Kim Crooks’ voice quivers with outrage as she recalls how debt collectors treated her after her husband died of a brain tumor, leaving her with $250,000 in unpaid medical bills.
The high-pressure phone calls began weeks after the funeral, she said.
“I don’t think he’s even been dead a month,” said Crooks, 66, a retired University of Arizona administrator and widow for more than a decade.
“Some of them were downright mean. They threatened to put liens on my house. My bank accounts were frozen.
Crooks said she learned she was not alone when she joined a bereavement support group. Harassment by medical collectors “was a common topic,” in the four years she dated, she said.
Crooks said she was able to hire a lawyer to cut the total bill in half and pay most of it with her retirement savings, leaving a hole in her nest egg. But many people don’t have those options, she added.
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These days, Crooks is collecting signatures and sharing her story to encourage public support for a proposed ballot measure backed by Democrats, unions and social welfare groups, but opposed by one of the biggest business organizations. of the region.
The Tucson Metro Chamber, which represents 1,500 businesses in Tucson and Pima County, said many Arizonans may struggle to access credit if the proposal lands on the ballot and is approved by voters.
A recent federal Consumer Financial Protection Bureau report said 16% to 20% of Arizonans had credit records with medical debt in collection as of December 2020.
The proposed “Predatory Debt Collection Act” would allow people with medical debt to protect more of their assets from creditors than current state law allows.
For example, a home worth up to $400,000 would be exempt, up 60% from the current exemption level of $250,000. The value of household assets protected from creditors would increase from $6,000 to $15,000.
The measure would also protect a vehicle worth up to $15,000 instead of $6,000 and allow a debtor to keep up to $5,000 in the bank instead of the current $300.
In addition, the proposal calls for a 3% interest rate on medical debt.
The ballot measure is offered by a group called Healthcare Rising Arizona, a membership organization that pushes for better health and wellness. “No family in Arizona should be bankrupted by the cost of (medical) care,” its website said.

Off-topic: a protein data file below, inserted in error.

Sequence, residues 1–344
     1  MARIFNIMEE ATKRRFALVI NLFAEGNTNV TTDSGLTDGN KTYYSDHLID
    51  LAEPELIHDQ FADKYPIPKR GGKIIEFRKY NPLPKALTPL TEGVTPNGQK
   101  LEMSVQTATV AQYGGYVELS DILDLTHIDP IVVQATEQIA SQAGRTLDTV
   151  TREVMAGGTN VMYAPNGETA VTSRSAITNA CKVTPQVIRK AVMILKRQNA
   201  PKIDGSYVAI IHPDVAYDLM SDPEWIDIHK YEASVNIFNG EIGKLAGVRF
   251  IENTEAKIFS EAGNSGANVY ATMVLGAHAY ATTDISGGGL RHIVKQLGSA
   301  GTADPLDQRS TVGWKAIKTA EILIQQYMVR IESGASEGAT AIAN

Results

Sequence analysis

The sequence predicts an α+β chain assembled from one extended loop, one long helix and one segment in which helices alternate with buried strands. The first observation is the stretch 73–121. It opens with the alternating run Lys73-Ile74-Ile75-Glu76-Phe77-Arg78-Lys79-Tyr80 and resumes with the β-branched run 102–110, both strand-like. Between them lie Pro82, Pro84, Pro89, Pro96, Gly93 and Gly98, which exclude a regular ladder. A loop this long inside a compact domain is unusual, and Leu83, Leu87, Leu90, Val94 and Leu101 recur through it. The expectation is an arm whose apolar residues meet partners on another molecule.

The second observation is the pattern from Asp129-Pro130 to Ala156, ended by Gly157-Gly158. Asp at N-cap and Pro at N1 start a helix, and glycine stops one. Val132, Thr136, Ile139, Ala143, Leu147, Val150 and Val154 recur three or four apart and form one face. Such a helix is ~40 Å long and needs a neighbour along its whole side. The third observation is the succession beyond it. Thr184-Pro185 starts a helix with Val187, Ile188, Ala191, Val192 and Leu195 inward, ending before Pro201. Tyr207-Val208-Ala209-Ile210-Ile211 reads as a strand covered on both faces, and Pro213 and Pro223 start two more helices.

Healthcare Rising Arizona proposed a different ballot initiative in 2020 that would have raised the pay of some workers at medical facilities and also banned surprise billing by healthcare companies. The effort failed when critics sued and a judge ruled that the petition’s statement was misleading and that some of the signatures were invalid.
This year’s ballot measure has the support of several southern Arizona community groups, including the YWCA of Southern Arizona, the Southwest Conference of United Churches, the Southern Arizona AIDS Foundation and the Southwest Fair Housing Council.
Anticipated “negative impact”
The Tucson Metro Chamber recently issued a press release warning of the negative consequences and asking local residents not to sign petitions seeking to put the measure on the November ballot.
The petitions state in the first sentence that the initiative targets “medical debt” and that the measure “does not change existing law regarding secured debt.”
Even so, House President and CEO Michael Guymon said the proposal includes language that could apply to any debtor, not just medical debtors.
The chamber’s financial analysis found that anyone earning less than $50,000 a year would effectively be exempt from paying creditors, which would “limit access to credit for the Arizona community.”
“If a lender can’t collect the unpaid debts of a person who earns $50,000, why would he lend to him? said Guymon.
“This will negatively impact business owners, lenders, and the overall financial ecosystem in Arizona.”
Healthcare Rising Arizona must collect 237,645 valid signatures to be on the ballot. The deadline for filing signatures with state election officials is July 8.
Contact reporter Carol Ann Alaimo at 573-4138 or [email protected] On Twitter: @AZStarConsumer